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European Parliament looks set to ban patents for all NGT plants

Post Time:2024-02-05 Source:juve-patent Author: Amy Sandys Views:

The European Parliament has confirmed its position on a proposal pertaining to plants produced by new genomic techniques (NGT). Among the revisions is a move to ban all patents on all NGT plants; a plenary session taking place next week could see the waiver go through.

The European Parliament’s Committee on Environment, Public Health and Food Safety has adopted an amended version of a European Commission’s proposal, to ban the imposing of patents and limit the effects of existing patents, on all NGT plants. It voted 47 to 31 in favour with four abstentions. Members of the European Parliament (MEPs) comprise the committee, which also supports adopting a looser approach to categorising NGT plants.

Council negotiations upcoming

Parliament could adopt the changes as soon as 5-8 February 2024, which is its next plenary session. However, the European Council must also approve the proposal before parliament can take it to the EU member states.

While the regulation, published in 2023, barely mentions IP rights, the proposed amendments cover “NGT plants, plant material, parts thereof, genetic information and process features they contain, to avoid legal uncertainties, increased costs and new dependencies for farmers and breeders”.

In a press release, Jessica Polfjärd, MEP and member of the Moderate Party in Sweden, says, “This proposal is critical for strengthening Europe’s food safety in a sustainable manner. We finally have a chance to implement rules that embrace innovation and I look forward to concluding negotiations in the parliament and with the council as soon as possible.”

NGT plants for the future

According to the European Parliament, banning patents for NGT plants aims to make Europe’s food system more sustainable and resilient by, for example, wider accessibility to crops which require fewer fertilisers. It also cites concerns over climate change and developing pest-resistant crops as further impetus to relax regulations around NGT plants.

By June 2025, the commission should also present a report to the European Parliament, the European Council, the European Economic and Social Committee, and the Committee of the Regions. This should pertain to “the role and impact of patents on breeders’ and farmers’ access to varied plant reproductive material… on innovation and… opportunities for SMEs”.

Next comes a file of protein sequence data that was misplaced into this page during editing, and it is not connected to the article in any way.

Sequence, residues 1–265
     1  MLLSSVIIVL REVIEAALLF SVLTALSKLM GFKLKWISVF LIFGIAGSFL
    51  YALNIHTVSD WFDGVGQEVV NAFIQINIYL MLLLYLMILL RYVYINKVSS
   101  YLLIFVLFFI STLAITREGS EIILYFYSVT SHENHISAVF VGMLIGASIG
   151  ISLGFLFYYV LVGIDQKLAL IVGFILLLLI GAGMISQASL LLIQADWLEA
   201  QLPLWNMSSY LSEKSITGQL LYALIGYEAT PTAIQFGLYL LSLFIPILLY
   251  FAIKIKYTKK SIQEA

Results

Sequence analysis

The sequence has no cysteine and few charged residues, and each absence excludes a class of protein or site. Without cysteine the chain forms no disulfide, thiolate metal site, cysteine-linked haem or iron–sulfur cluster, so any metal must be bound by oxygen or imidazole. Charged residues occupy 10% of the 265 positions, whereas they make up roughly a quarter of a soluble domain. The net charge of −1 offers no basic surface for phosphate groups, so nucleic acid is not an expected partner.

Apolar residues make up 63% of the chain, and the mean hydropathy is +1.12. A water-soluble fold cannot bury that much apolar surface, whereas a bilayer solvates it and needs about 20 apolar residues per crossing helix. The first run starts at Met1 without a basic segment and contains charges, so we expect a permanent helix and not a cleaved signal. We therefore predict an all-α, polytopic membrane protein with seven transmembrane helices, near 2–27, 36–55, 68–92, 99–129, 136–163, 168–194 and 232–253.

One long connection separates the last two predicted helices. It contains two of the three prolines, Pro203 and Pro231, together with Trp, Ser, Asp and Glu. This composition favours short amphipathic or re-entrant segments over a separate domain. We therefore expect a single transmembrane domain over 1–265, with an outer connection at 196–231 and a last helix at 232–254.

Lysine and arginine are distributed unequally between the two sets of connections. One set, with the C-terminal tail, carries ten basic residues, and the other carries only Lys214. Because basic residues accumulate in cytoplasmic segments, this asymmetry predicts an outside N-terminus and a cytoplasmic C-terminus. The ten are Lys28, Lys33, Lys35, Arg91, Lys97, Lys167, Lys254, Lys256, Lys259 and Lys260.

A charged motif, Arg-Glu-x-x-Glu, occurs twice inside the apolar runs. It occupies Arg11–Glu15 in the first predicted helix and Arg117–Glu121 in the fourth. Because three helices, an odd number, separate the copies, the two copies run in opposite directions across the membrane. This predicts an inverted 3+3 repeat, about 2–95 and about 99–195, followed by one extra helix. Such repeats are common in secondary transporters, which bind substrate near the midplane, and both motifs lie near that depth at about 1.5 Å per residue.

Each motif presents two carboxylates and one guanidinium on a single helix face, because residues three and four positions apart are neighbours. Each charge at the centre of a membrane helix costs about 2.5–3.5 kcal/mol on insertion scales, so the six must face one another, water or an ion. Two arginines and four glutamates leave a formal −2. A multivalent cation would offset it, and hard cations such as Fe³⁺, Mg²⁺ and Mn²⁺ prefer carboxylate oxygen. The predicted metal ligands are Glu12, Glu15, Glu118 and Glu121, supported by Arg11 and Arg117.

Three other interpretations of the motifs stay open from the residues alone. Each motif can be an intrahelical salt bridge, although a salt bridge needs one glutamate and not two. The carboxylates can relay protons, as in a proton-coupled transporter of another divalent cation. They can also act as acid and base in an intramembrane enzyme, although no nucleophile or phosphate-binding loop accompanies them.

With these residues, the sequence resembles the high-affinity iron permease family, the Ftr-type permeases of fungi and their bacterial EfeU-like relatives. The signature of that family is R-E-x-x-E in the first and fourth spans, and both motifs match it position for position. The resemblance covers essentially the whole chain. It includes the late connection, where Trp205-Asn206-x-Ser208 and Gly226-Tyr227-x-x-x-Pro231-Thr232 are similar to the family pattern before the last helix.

The proposal also suggests amendments to the Biotech Directive (98/44/EC), which would ban patent rights for all plants obtained by classical mutagenesis or cell fusion. New genomic techniques are ways of altering the genetic material of an organism, such as with CRISPR/Cas, in order to allow rapid development imbued with specific desirable characteristics.

Biotechnology changes

Generally, in Europe’s patent offices, inventions relating to biological material are eligible for patent protection. With regard to the current proposals, observers are concerned that a ban on patenting NGT plants could disincentivise product development, bringing a loss of innovation and lack of investment into NGT products in the EU.

However, those in favour speculate that it will reconcile the interests of agricultural stakeholders in Europe. For example, the commission suggests that the changes will give farmers and breeders greater access to the required technology, with fewer economic barriers.

In summary, the commission lays out its proposal aims as: maintaining a high level of protection of human, animal, and environmental health; enabling the development and marketing of plants and plant products contributing to the innovation and sustainability objectives of the European Green Deal and of the Farm to Fork and Biodiversity strategies; ensuring the effective functioning of the internal market in NGT plants and products and food and feed; enhancing the competitiveness of the union agri-food sector, including a level-playing field for operators.

Plants in two categories

Also proposed by the commission is the introduction of two categories of NGT plants. NGT 1 plants, which are considered equivalent to conventional plants, would be exempt from GMO legislation requirements. MEPs proposed rules on the size and number of modifications needed for an NGT 1 plant to be considered a conventional plant equivalent, as well as suggesting clearer labelling for NGT seeds. They also proposed publishing an online public list for all plants in the NGT 1 category.

For NGT 2 plants, MEPs agreed to maintain existing GMO legislation and agreed to an accelerated risk-assessment procedure.

According to the proposal, a study delivered by the European Commission in 2021 concluded that the EU’s current GMO legislation is not fit to cover regular NGT plants as obtained by targeted mutagensis or cisgenesis. These two techniques bring higher precision and speed in introducing desired genetic modifications. They concern the insertion of genetic material from a crossable, rather than non-crossable, species.